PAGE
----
It would appear that the interest of Apple in touchscreen technology started almost three decades ago. An early phone prototype, dating back to 1983, was recently uncovered and sports an awesome looking touchscreen that is controlled by a stylus.
The phone prototype sadly never made it into production, but was reportedly designed by Harmtut Esslinger. Esslinger was the man behind the design of the Apple IIc, which was Apple’s first attempt to make a portable computer. According to Wikipedia, Esslinger, founder of Frogdesign, has a $1 million a year contract with Apple to design some of their products.
“Setting up shop in California for the first time, Esslinger and Frogdesign created the “Snow White design language” which was applied to all Apple product lines from 1984 to 1990, commencing with the Apple IIc and including the Macintosh computer,” according to the site.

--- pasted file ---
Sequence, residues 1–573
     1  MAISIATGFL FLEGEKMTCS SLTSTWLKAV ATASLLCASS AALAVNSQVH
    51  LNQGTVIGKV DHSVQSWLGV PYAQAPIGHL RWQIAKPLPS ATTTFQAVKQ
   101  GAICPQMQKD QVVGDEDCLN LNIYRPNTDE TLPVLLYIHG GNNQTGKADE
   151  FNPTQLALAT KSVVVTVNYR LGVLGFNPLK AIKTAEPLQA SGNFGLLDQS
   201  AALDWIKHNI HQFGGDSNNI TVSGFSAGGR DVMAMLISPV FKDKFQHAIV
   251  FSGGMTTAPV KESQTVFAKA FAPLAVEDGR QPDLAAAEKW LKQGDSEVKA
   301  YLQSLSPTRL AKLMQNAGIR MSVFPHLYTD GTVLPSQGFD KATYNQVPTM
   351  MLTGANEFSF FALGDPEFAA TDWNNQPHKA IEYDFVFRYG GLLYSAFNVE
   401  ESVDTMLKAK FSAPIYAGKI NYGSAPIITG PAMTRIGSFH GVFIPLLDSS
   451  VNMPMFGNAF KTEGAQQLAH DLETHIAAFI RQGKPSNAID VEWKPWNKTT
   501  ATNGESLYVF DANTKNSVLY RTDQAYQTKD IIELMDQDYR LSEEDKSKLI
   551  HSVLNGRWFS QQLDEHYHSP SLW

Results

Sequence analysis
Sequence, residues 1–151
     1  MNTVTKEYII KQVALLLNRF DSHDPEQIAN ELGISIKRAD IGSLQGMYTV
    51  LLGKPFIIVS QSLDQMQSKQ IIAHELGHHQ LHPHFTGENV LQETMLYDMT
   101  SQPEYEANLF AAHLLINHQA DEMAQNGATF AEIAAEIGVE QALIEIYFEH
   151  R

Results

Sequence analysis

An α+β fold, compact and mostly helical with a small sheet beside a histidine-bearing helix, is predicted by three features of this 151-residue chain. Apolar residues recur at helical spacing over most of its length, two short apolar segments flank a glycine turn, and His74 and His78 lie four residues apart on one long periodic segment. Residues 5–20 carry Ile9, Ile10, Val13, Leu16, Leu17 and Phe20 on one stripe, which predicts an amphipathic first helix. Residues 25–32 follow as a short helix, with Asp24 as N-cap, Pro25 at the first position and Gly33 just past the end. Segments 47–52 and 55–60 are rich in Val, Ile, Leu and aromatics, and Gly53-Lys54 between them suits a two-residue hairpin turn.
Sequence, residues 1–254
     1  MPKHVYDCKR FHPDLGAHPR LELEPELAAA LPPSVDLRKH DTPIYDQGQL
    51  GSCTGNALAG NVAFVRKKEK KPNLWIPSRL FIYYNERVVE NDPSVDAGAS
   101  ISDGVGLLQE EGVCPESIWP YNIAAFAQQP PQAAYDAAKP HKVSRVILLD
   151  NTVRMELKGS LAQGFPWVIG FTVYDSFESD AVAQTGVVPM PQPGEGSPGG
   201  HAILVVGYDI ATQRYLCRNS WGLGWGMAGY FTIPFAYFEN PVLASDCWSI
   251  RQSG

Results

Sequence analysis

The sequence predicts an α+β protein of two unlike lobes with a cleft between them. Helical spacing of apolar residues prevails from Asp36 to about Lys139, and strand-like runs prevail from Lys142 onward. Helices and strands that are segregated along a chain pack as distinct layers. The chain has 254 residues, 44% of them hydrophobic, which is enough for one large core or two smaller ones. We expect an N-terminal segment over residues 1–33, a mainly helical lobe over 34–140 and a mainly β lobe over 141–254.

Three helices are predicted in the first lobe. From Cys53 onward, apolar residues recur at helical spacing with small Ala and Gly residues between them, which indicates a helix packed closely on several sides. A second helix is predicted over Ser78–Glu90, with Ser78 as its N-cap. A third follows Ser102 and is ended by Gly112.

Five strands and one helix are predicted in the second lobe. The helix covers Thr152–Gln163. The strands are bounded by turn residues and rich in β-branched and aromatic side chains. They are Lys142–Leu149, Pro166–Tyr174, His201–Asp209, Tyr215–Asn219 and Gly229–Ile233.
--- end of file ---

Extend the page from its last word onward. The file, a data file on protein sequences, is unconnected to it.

The prototype gives us a very interesting look at how the iPhone came to be. The phone features a telephone with a built-in screen. A photo shows what seems to be a check-writing app, where you can pay bills using a modem.
Tech site Mashable pointed out that this is not the first time the photos were revealed. Interest in old prototypes, however, has been renewed because of a stockpile of Apple documents at the Stanford University. These were donated in 1997 when Steve Jobs returned to Apple after being forced out.